“I don't write science fiction,” said Ray Bradbury(1920-2012) in one of his many interviews. “I've only done one science fiction book and that's Fahrenheit 451; it’s based on reality,” he continued. The book was given this name because 451 degrees is the temperature at which paper burns. Bradbury started writing in 1937 at the start of a Plan I have been associated with for nearly 60 years.1 He was 13 and he wrote every day for the rest of his life: until the day before yesterday, 5 June 2012.2 For Bradbury science fiction is a depiction of the real. Fantasy is a depiction of the unreal. –Ron Price with thanks to 1Wikipedia, 7 June 2012: the Baha’i teaching plan, and 2 Bradbury chose a burial place at Westwood Village Memorial Park Cemetery in Los Angeles with a headstone that reads "Author of Fahrenheit 451".
You brought sci-fi into the mainstream
by writing lyrically & evocatively about
the lands of the imagination,1 but my life
of reading took me in different directions.
Your mind was ignited by reading-fever at
the age of 8; my fevers were of the body in
sport, playing, fun and games. It would be
years before my mind was ignited: my late
teens and twenties turned my imagination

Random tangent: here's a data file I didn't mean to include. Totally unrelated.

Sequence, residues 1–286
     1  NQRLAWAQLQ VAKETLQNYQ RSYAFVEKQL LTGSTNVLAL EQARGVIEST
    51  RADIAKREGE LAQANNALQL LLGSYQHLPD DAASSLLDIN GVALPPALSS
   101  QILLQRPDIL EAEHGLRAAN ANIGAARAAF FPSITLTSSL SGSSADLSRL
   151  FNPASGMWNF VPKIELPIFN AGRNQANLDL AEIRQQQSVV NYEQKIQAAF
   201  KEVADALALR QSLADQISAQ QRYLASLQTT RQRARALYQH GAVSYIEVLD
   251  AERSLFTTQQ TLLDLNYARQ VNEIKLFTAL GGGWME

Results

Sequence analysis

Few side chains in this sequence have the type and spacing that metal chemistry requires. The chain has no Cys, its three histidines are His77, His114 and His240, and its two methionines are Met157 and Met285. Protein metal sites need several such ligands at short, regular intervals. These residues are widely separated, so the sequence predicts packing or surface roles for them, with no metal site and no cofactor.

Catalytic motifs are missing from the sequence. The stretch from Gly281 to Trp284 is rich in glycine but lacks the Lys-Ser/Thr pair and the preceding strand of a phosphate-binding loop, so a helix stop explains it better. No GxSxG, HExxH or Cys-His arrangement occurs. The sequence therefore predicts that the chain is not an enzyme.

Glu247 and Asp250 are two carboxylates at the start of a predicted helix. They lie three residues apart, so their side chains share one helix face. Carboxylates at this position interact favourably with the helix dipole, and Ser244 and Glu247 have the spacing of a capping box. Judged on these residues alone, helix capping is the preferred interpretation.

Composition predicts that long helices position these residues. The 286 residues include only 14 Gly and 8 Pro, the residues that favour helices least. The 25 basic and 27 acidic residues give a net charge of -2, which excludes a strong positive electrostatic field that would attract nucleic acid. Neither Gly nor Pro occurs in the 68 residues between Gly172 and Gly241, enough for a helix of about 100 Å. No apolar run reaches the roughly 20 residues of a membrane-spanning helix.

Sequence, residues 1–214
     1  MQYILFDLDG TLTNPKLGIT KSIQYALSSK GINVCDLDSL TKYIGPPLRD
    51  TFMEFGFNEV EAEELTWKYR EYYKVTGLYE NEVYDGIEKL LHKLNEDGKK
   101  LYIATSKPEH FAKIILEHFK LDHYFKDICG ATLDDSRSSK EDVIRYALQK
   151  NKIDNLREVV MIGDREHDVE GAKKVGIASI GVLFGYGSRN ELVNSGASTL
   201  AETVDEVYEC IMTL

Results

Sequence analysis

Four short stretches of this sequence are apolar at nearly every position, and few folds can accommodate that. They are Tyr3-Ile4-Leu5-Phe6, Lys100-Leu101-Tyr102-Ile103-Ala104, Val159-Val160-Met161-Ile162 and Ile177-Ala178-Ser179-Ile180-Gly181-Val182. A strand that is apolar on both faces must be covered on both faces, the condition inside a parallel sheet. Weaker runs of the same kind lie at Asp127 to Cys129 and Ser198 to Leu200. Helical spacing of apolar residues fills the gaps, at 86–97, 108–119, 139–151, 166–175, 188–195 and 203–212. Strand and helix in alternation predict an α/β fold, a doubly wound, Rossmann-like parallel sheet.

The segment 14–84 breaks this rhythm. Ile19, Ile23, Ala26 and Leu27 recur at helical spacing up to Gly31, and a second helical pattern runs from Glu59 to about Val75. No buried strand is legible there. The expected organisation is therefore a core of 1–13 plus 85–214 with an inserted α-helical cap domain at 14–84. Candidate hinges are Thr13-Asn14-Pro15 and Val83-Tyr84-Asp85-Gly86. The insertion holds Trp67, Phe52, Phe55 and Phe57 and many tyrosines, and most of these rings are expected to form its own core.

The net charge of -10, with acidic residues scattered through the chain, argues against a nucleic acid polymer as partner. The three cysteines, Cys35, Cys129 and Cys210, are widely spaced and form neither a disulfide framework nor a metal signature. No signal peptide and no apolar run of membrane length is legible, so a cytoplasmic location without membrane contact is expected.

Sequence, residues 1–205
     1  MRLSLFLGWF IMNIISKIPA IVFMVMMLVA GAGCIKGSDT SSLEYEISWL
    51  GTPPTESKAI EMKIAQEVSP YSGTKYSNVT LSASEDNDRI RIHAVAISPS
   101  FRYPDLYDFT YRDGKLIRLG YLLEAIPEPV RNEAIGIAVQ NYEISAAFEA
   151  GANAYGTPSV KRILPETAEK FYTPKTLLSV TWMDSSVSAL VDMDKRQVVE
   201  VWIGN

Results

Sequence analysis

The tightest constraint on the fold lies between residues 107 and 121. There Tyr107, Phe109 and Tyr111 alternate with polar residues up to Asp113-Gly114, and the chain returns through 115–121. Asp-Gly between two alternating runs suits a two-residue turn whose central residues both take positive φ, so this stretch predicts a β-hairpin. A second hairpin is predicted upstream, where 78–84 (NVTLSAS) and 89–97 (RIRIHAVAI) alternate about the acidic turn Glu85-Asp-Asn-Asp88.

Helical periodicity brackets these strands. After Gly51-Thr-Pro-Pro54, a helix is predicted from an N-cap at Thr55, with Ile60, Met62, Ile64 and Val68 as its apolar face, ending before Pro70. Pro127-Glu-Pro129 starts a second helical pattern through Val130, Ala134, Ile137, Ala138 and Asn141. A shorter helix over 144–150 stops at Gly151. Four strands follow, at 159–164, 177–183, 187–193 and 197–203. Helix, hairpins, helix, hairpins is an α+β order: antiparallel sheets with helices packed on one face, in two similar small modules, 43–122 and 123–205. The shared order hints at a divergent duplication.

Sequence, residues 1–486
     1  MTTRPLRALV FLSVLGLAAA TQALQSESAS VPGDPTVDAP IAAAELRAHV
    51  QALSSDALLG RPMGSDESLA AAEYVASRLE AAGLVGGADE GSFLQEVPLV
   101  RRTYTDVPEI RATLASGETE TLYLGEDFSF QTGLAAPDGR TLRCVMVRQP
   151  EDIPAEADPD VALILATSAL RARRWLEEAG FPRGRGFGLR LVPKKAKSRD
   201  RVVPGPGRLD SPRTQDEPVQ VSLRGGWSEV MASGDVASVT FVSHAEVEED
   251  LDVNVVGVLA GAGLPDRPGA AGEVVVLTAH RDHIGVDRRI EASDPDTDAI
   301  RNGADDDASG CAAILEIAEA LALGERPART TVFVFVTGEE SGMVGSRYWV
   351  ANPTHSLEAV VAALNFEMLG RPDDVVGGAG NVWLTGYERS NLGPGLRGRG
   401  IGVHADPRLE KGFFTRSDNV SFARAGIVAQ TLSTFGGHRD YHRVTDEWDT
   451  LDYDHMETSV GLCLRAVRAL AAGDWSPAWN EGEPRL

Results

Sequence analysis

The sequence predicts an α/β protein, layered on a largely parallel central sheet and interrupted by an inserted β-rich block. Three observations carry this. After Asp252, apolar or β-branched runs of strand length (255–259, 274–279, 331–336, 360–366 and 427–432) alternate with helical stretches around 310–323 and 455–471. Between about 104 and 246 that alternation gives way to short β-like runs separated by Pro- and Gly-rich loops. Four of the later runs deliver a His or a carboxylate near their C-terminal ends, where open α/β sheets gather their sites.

loose, but not in the direction of sci-fi…..
Mine was the slow working, by sensible and
insensible degrees, of my intellect in the wide
fields of the social sciences and humanities. As
the years went on the biological, & the physical-
applied sciences kept my mind on heat…...We
occupied such different landscapes you and I,
Ray. I wish you well now that you occupy that
land of the undiscovered country from which no
man returns, a whole new world for you & your
imagination, Ray. Go to it with that same fever!!
1 Bradbury is credited with writing 27 novels and over 600 short stories. More than eight million copies of his works, published in over 36 languages, have been sold around the world. Gerald Jonas, "Ray Bradbury, Master of Science Fiction, Dies at 91," The New York Times, 6 June 2012.
7 June 2012